63′ Gibson/Maestro GA-1RVT repair

I dig a good challenge // reverb and tremolo were DOA, more surprises waiting within … here’s a quick rundown of what I found …

(i) the PSU and overall wiring … everything looked and measured pretty ok considering age and corroded state of the chassis // that is, except for a filament voltage that laid at 5.8vac instead of the customary 6.3vac (right on the edge of no-go) … (ii) turns out the reverb pan guts were destroyed // three of the four ferrite beads that drive the coupling transformers inside the can were totally stretched out and beyond repair (weird) … I wired in a fresh pair of wires with RCA plug ends and tried a few pans I have handy here and none were giving a strong enough response … I then tried hooking up a Zoom G1 effects box and got great verb/delays and an interesting signal boost option … the owner could try his luck at finding a suitable reverb pan that will couple (quite unlikely considering the low-gain natuere of the drive and recovery circuits) … the external effector approach is very cool IMO and opens up a host of potential applications that goes well beyond what the basic design could do // keeping the original signal path and Tremolo circuit intact … to make this work I loaded down the reverb transformer output with a resistor to keep the signal from getting too massive there (the Zoom G1 has a high Zin so we can’t rely on that to keep the signal tame) … with a properly chosen load value this would not interfere with a reverb pan if we decided to use one, that option remains open // best of both worlds … (iii) the Trem, turns out there was a cold solder in the circuit, and in addition the shorting switch on the back of the Speed pot was no longer working // doubly dead … what I decided to do was to use the Reverb kill pedal and wire it to the Trem pot switch terminals … we now have a perfectly functioning and foot defeat-able tremolo … and with the reverb, now potentially an external unit, can be foot defeated as well // this made most sense … (iV) other things … I found the 620ohm Cathode bias resistor on the power tube to measure around 880ohms … I inserted a 5watt 600ohm resistor that actually measures 612ohms cold // Cathode bias voltage went form 30vdc to 18.5vdc, schematic shows 20vdc … the gain of the amp has gone up as a result, reaching max (stock) power … I did not tweak or alter any other part of the signal path // it could be modded for more gain, but I didn’t touch it … also, to try to remove some hum form the circuit I lifted the grounded side of the filament circuit and applied two 100 ohm resistors to balance the filament circuit w.r.t. ground … didn’t notice a huge change, but I left it balanced/modded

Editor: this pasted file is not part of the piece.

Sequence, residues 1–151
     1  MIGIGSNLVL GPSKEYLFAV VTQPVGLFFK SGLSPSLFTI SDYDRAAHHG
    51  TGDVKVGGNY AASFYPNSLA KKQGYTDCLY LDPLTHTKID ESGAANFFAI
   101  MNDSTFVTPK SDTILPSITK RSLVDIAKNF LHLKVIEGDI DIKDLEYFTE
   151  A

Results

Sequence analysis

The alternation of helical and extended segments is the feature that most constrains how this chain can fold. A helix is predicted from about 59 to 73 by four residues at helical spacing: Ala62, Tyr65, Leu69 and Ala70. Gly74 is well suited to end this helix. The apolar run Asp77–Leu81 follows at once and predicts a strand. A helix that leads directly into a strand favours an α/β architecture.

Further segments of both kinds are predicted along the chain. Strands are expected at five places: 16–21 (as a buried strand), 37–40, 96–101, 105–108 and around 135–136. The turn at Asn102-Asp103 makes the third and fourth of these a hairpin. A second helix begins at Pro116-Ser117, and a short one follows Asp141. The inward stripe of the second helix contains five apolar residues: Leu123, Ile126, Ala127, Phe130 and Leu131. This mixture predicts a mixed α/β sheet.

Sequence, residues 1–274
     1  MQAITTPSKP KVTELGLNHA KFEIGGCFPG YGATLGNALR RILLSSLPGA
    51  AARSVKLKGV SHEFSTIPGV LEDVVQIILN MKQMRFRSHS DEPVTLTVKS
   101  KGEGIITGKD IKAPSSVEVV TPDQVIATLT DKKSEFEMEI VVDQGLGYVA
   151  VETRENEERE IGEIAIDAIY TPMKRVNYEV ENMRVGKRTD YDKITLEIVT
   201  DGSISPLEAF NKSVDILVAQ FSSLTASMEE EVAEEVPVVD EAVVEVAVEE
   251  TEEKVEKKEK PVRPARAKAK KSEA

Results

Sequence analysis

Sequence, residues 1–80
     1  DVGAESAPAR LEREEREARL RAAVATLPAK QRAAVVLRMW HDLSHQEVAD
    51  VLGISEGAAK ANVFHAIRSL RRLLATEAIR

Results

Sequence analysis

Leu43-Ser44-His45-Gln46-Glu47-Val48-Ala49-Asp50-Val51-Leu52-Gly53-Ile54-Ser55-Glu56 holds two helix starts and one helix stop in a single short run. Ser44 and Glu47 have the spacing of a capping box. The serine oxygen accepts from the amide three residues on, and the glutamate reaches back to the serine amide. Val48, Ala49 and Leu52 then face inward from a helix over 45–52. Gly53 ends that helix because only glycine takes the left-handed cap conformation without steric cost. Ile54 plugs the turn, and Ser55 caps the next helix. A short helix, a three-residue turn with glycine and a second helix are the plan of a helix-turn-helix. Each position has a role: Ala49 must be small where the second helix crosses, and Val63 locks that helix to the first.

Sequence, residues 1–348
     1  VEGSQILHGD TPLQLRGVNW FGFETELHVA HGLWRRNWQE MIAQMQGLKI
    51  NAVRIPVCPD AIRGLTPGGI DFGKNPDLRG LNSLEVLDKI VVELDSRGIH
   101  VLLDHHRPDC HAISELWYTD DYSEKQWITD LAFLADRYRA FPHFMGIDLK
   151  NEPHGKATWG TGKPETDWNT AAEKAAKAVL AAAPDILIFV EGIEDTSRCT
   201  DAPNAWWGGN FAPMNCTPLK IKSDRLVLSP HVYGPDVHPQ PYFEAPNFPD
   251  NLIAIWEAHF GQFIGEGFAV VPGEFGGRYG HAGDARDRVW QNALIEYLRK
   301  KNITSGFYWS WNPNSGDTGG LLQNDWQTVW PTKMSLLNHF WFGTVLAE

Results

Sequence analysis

I tested the amp using the speaker in my Champ; that is, a Celestion Super8 // indeed, I was getting great sounds using the Zoom G1 in the reverb’s Send/Return circuit … killer actually


after a first round of mods I was still annoyed about the amount of hum, even with the volume controls set to zero, the amplifier had // of course, this is very common with single-ended (SE) amps … after taking a closer look at the grounding scheme I noticed that the whole amp was grounded to the chassis via the input jacks … the only other time I’ve seen this was in an 90’s re-issue AC30, which was also noisy (in that case beyond repair) …

all I did in this case was re-route the two main current absorbers in the PSU circuit by giving them their own seperate attachment points in the chassis // as far as possible from the input jacks at the same time … this, in tandem with the balancing of the filament circuit, gave the amp a virtually hum-free performance … as it lies now, this is definitely an impeccable “recording ready” guitar/harp tube amplifier, with a natural tone that compresses naturally … amazing little amp // apparently Gibson shipped 232 of these in total between 1962 and 1963

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